Creating A White Garden

A garden without colour doesn’t have to be a garden without interest, some of the most serene and beautiful gardens are those that limit themselves to the simplicity of white flowers only. Without a variety of colours trying to grab your attention a white garden can set a peaceful tone and create an experience like no other but don’t be fooled just because they only have one colour doesn’t mean they are simple to do well.

You need to start with a great backdrop, white flowers look their best against dark colours so start with some hedging around the perimeter of the garden. This also creates a sense of enclosure and sets the tone for the whole space. Dark green leaves on plants such as conifers, Viburnum or Bay laurel all work well and with the right soil preparation will get to a decent height in a short period. If you don’t have much space or want to be a bit more dramatic painting your fences in a dark colour such as Dulux Monument will give your garden the dark touch for your plants to sing against.

White gardens by nature reflect a lot of light due to the lack of colour in the flowers whereas colourful blooms such as purple or red will such light out of a space so when you combine the reflective power of white against a dark backdrop of dark green or charcoal you get an eye-catching contrast with high impact.

Structure in the garden is a must for the white garden, this can be a sculpture, a bird bath or a water feature, creating a small garden room for your white garden is a great idea, not only will it create more impact in the design but it helps to add the structure – something like a directional pathway will do the trick! When selecting a feature muted tones such as copper or bronze work best so they do not compete or distract from the whole experience.

This structure can also simply be added in with the planting. Low hedges and topiary work really well as they give a point of constant to the space so you are not relying on the flowers to provide all the interest.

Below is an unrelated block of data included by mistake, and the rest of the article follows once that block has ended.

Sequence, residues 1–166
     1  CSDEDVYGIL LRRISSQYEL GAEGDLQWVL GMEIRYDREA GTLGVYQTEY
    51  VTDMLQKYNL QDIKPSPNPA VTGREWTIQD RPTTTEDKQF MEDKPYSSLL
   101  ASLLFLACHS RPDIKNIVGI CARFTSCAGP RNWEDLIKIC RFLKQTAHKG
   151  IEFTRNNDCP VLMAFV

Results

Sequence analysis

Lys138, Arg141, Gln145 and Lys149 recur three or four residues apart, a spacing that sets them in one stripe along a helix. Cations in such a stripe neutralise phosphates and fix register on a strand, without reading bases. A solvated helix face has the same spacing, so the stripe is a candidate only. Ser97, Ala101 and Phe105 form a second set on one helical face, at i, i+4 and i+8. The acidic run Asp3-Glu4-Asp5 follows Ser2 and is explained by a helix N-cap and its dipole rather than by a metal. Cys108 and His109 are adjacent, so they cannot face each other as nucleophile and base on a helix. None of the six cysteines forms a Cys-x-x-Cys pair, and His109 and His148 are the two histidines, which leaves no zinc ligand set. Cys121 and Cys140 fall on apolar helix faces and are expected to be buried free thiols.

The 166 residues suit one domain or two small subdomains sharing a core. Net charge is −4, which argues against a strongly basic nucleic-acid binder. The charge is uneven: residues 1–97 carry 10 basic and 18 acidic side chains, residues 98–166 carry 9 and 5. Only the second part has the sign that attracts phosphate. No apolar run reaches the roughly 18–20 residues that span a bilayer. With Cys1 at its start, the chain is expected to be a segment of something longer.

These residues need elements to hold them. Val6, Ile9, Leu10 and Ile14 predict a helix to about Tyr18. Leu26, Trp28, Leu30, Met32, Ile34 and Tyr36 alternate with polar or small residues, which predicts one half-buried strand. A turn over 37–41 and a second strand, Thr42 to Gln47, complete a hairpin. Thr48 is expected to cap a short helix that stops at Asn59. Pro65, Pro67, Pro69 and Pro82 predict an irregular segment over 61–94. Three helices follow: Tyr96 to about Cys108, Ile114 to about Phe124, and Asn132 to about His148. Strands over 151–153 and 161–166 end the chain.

When limiting a garden to a single colour you really need to focus on the layers, forms, and textures of the foliage, try to think of a black and white photograph you love, the level of detail comes from the atmosphere the textures bring – not the colour. Using looser flowing plants such as cow parsley next to your structured topiary combined with the spikey hairy leaves of something like a globe thistle will give you the interest you are after. When putting together your plants there are two levels of impact and interest you are trying to achieve – the initial wow factor as you see the garden for the first time and secondary interest comes with the layers of textures slowing being absorbed by your eyes – you get drawn into a planting scheme and you simply can’t stop looking as you find something new and exciting about it.

I try to steer clear of variegated foliage in a white garden as the yellow distracts the eye and distorts the overall impact of the space however I find silver helps to tie it all together. Artichokes, Strobilianthes and Artemisia are all great plants to add to the middle of a boarder to tie it together and ease the transition between the green foliage plants, lambs ears, Iris and dichondra help to pull together the front and low areas of a garden.

Repeating yourself works well in a white garden as the repetition of looser flowering plants sits nicely against the repetition of structured plants such as hedges and formal ball shapes but beware once it becomes predictable you’ve probably overdone it.

Selecting your flowers carefully is the trickiest part of a white garden as all whites are not the same and can quickly make a space feel cluttered and unclean. For example, the creamy white of a Magnolia on its own looks bright and inviting however next to the crisp white of an Iceberg rose it can look dirty and will clash. To make things more complicated the brightness of each flower depends on the amount of light it is receiving – so every garden is different. Take your time putting combinations together and buy your plants in flower so you can compare in real life when you get them home.